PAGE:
Atmospheric water reacts to energy inputs differently, dependent on it's various forms and saturation levels. It's quite complex. So much so that it might be best to generally consider it neutral for the sake of the argument.

Also, the modeling you're doing appears much to simple in regards to irradiation. Solar irradiation is extremely variable.

But do carry on. This is quite entertaining.

The Alchemist
3 / 5 (2) May 18, 2014
@Uba,
Excellent observation, except, GHG at the top of the atmosphere reflect incoming energy, so "any gas" at the top would cool a planet. Qv. above, Venus does not pass CO2 absorbing frequencies, rather, the spectrum strikes the absorbing "surface" of Venus, this broad frequency spectrum is translated into IR, which is absorbed.

So, I am feeling how experience would be better than guessing at effects for plotting humidity, can we contact runrig, etc.?

I say this, because my science is telling me to leave it at 12000 ppm until pressure and temp change this, but my sanity is saying that ain't right....
Maggnus
4.7 / 5 (6) May 18, 2014
If this were true, then any gaseous H2O would warm the planet, thus allowing more H2O absorption, thus causing more warming, more H2O, more warming... in a never ending spiral. And high temperature climates (like deserts, particularly in proximity to open water) would have the highest H2O content of all.
No, you are confusing effects, and you are not taking into account saturation and precipitation. The issue with CO2 is the fact that it does not precipitate out of the atmosphere like H2O does, instead remaining there until drawn out. As such, it can continue to absorb and re-emit IR for a significant time period.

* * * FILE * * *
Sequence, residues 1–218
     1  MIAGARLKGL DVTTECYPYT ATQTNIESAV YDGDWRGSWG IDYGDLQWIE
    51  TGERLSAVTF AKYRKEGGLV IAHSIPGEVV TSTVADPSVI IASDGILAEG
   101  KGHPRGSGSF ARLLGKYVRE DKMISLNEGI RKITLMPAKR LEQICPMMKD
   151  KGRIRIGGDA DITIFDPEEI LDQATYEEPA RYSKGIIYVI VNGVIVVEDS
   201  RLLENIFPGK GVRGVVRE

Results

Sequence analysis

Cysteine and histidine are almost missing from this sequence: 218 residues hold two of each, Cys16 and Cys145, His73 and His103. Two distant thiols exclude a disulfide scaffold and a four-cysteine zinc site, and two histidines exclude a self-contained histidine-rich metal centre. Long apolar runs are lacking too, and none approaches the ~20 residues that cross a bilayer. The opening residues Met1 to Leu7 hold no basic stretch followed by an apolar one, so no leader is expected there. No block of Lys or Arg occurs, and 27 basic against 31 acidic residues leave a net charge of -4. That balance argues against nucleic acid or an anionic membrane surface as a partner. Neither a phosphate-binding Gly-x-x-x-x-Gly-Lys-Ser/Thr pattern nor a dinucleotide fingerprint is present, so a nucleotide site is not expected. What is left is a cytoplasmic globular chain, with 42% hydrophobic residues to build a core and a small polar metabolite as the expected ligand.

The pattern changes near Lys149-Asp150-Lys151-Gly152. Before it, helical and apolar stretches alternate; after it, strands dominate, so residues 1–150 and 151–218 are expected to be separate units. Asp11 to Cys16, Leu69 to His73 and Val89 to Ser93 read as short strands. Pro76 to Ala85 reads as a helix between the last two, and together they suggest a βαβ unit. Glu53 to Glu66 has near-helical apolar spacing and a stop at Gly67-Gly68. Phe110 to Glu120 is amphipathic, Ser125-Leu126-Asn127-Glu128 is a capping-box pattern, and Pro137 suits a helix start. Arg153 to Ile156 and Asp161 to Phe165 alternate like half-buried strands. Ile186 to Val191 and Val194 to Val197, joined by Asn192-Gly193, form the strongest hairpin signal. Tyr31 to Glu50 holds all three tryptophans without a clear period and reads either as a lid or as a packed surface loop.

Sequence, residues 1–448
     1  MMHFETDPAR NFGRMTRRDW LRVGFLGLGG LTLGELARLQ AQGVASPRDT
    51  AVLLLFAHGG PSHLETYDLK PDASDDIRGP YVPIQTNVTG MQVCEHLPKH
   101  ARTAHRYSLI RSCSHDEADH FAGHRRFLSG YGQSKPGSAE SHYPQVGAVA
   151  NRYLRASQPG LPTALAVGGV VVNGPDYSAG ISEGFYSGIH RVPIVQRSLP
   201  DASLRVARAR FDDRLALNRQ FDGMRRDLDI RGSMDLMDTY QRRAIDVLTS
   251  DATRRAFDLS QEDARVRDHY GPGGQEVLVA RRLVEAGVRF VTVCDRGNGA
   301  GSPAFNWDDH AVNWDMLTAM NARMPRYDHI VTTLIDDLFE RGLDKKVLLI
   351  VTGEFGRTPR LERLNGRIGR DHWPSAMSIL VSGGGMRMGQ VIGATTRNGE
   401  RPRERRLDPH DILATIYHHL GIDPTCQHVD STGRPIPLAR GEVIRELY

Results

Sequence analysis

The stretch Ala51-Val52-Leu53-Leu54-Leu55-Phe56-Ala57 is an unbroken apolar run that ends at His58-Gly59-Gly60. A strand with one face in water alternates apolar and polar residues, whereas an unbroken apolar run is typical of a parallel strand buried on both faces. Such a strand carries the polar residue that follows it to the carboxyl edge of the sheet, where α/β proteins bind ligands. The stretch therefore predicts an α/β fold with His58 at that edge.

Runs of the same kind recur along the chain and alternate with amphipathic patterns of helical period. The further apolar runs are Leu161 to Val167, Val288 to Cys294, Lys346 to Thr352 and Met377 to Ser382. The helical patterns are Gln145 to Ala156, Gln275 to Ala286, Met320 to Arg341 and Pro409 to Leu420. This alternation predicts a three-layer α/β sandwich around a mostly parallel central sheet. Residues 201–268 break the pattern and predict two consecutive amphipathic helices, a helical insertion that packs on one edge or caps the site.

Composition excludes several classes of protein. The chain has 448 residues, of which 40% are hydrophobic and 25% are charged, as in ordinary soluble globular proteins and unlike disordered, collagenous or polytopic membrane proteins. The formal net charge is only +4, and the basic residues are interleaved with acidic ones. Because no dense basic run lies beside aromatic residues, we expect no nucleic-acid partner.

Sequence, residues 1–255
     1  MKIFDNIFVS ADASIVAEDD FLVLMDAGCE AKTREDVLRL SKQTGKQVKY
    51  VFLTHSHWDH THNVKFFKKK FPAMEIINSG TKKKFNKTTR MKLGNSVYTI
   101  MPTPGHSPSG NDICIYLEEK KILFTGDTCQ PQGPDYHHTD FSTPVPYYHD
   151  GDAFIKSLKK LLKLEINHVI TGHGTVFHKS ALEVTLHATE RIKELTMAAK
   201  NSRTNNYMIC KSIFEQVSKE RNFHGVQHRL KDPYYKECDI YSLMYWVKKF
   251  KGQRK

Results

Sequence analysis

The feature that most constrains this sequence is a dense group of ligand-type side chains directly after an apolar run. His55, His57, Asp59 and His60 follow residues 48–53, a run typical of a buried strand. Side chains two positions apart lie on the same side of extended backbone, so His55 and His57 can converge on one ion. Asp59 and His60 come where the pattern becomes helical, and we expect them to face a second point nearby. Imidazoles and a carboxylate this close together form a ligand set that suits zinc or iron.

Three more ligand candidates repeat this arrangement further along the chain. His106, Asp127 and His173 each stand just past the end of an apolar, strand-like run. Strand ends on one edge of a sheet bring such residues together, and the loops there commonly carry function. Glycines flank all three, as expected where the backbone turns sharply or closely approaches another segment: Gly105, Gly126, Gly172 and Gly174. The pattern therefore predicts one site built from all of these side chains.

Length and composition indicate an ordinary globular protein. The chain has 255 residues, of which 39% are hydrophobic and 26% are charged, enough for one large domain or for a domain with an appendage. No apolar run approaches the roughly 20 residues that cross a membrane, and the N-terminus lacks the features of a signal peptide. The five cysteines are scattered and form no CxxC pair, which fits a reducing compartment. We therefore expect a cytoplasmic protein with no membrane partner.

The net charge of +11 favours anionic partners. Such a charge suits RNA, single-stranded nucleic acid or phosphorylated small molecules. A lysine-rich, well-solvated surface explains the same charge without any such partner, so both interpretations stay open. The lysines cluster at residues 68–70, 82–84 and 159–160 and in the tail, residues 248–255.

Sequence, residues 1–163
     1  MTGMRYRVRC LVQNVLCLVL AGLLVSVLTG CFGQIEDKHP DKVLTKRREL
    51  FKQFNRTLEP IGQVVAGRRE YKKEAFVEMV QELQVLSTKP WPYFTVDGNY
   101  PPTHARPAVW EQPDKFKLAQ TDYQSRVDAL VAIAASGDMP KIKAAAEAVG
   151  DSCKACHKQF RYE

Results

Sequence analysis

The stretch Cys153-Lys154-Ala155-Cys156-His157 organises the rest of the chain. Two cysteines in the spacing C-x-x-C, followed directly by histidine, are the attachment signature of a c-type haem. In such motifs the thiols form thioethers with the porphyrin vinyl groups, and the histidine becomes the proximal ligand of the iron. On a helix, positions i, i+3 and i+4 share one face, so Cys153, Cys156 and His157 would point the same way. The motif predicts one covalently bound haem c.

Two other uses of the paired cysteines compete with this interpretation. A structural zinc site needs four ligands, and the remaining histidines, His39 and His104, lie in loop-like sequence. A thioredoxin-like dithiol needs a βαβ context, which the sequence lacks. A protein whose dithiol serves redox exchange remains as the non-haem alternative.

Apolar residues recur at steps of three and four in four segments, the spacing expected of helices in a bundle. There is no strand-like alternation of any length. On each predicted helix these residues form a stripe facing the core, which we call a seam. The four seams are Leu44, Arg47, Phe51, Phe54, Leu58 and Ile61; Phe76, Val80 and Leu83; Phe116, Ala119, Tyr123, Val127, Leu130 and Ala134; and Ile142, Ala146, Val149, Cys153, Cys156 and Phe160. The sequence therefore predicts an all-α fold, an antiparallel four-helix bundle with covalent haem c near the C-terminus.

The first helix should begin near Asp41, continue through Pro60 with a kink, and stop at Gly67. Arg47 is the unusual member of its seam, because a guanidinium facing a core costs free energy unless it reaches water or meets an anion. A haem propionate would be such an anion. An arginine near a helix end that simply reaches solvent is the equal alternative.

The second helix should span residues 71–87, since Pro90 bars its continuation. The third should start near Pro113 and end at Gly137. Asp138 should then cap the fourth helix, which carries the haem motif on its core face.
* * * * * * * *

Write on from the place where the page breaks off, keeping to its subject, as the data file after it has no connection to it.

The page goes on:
Atmospheric water reacts to energy inputs differently, dependent on it's various forms and saturation levels. It's quite complex. So much so that it might be best to generally consider it neutral for the sake of this argument
For this simple discussion, I agree.
The Alchemist
2.7 / 5 (3) May 18, 2014
SSShurre, let's discount water for this discussion...
http://en.wikiped...er_vapor

As a personal pet peeve. One of the criteria for GHG is persistence, am I missing something. One of the fundamentals of modern SCIENCE is indistinguishablity of particles,
http://en.wikiped...articles

So this means one should be concerned only with deltas, not that the CO2 molecule named George, has been replaced with CO2 particle Harry.
What am I missing, or is the IPCC just plainly and obvious full of unicorn feces?

Can anyone tell me the disconnect?
Maggnus
4.5 / 5 (8) May 18, 2014
SSShurre, let's discount water for this discussion...
http://en.wikiped...er_vapor
But you are not here arguing the effect of water vapour Alchem, you are trying to determine the role of CO2. Changing the game?

So this means one should be concerned only with deltas, not that the CO2 molecule named George, has been replaced with CO2 particle Harry.
What am I missing, or is the IPCC just plainly and obvious full of unicorn feces?
Replaced by? You mean added to right?

Can anyone tell me the disconnect?
You are trying to fit the evidence to your theory instead of accepting the evidence and adjusting your theory. Always leads to a disconnect when the two don't jibe.
The Alchemist
2.3 / 5 (3) May 18, 2014
@Maggie